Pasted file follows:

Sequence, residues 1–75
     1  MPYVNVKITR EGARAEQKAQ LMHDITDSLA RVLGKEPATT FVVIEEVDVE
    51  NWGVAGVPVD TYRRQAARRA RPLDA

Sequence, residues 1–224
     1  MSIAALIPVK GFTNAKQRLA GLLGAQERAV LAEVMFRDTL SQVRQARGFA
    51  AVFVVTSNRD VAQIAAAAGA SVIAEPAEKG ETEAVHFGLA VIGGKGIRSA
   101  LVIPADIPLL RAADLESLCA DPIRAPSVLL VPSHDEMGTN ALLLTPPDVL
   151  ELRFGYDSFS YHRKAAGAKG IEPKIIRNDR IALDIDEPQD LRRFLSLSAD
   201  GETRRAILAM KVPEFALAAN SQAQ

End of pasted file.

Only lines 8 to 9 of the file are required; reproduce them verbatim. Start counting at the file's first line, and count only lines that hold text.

   151  ELRFGYDSFS YHRKAAGAKG IEPKIIRNDR IALDIDEPQD LRRFLSLSAD
   201  GETRRAILAM KVPEFALAAN SQAQ